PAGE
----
CD Review: UKRAINIAN RHAPSODY (Anna & Dmitri Shelest on Sorel Classics)

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by Tony Frankel on August 31, 2018

in CD-DVD,Music


Firmly ensconced in the Romantic period, Ukrainian composer Mykola Lysenko — as with his Czech contemporary Dvořák —  wrote many of his pieces based on folk music of his homeland. As did Bartók later in Hungary, he went out into the field, listened to what the people were singing and fashioned an individual musical language that brought together the styles of Chopin and Liszt and the essence of Ukrainian folksong. Fervently nationalist and anti-Russian to the point that he wouldn’t allow his opera Taras Bulba (1890) to be performed in Moscow unless it was in the original Ukrainian, Lysenko’s politics may have prevented his music from reaching a wider audience. Aside from being an ethnomusicologist, Lysenko was a brilliant pianist, explaining why the bulk of his music is for piano: a sonata, two rhapsodies, a scherzo and a rondo, as well as a treasure trove of smaller works, including songs without words, nocturnes, waltzes and polonaises.

On Ukrainian Rhapsody, an intriguing collection of piano solos and duets from four Ukrainian composers, Lysenko is well-represented with his Suite on Ukrainian Themes, Op.2. While not as intensely folk-sounding as his works I’ve heard for violin and piano, the six movements are beautiful, emotive, and strangely familiar given I’d never heard them before (the “Toccata” has a truly Bachian flair). The real amazement here is how well-suited the work is for pianist Anna Shelest, a New Yorker born in the Ukraine. Articulate and soulful with a light skipping attack on runs, Shelest — who also partners with husband Dmitri on 4 of the 17 tracks — is dynamic. Indeed, on Alexander Zhuk’s Ukrainian Rhapsody, Ms. Shelest sounds as though she has four hands herself. And on Levko Revutsky’s six preludes (from Op. 4 and 7) and waltz, Shelest clearly seems to understand that there’s a Rachmaninoff romanticism and some Scriabin schematics going on here, and she never overplays her hand.

Myroslav Skoryk’s Three Extravagant Dances for piano four hands, written in 1995, is full of burlesque and humor, using features of jazz, blues and Spanish music, all in his distinct style. The three pieces friskily pay tribute to this American genre, but from themes, which are then broken up by what seems like improvisation. This classical/jazz crossover – by the only living composer represented here — is a refreshing delight, played with boisterous dexterity by the Shelests.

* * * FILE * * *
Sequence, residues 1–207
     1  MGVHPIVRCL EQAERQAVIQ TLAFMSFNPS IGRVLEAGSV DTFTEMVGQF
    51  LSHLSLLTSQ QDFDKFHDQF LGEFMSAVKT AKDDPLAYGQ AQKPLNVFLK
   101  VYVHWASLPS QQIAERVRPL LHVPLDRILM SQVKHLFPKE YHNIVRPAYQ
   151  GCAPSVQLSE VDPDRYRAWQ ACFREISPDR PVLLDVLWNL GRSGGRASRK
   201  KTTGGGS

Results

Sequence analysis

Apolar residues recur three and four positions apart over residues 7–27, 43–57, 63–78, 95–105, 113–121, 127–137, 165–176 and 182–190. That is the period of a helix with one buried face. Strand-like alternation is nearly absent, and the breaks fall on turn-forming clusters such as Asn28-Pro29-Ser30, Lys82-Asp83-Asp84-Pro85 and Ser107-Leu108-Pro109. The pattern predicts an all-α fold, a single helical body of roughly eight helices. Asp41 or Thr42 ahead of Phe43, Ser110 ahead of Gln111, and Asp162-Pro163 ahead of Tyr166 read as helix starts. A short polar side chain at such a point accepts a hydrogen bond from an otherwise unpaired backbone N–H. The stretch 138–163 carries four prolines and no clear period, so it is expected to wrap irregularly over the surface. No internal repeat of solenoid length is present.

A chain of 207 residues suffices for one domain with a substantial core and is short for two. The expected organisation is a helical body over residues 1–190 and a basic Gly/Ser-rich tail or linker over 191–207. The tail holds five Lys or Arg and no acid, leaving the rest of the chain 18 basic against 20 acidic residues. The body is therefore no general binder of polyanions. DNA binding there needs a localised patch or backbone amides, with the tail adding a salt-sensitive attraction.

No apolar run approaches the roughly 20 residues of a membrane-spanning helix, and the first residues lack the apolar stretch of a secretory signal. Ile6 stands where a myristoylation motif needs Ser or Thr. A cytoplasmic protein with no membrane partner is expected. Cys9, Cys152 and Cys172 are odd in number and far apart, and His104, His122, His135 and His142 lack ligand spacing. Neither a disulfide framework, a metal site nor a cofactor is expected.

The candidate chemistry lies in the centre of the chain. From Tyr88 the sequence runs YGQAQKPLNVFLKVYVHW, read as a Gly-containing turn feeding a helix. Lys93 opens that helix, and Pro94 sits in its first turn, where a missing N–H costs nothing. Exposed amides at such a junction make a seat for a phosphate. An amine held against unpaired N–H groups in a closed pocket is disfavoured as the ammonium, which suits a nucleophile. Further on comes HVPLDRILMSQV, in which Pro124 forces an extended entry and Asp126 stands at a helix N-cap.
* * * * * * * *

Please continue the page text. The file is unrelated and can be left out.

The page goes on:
Ukrainian Rhapsody
Anna & Dmitri Shelest
Sorel Classics | 60:54
released May 4, 2018
available at Amazon and iTunes

{ 1 comment… read it below or add one }

Mr. Leslie Ackerman January 28, 2020 at 9:16 am

This CD crossed my path and I did not hesitate in acquiring it, as I love the piano and its expanding repertoire. The first thing I have to deal with — as a must — is to mention how mesmerized I am with Ms Shelest’s beauty and magical eyes. As Mr Shelest is a quite handsome fellow, I am sure their children are precious! We are lucky they live in NYC.

The chosen repertoire, all a tribute to their native country, might not be at the level of a Chopin masterpiece, but the program is intelligent, varied and perfectly executed. The fact that I’m writing this just proves how excited I was to listen to this CD. If you love romantic piano music (solo or duet) a very good recording and excellent performances, this might please you highly.


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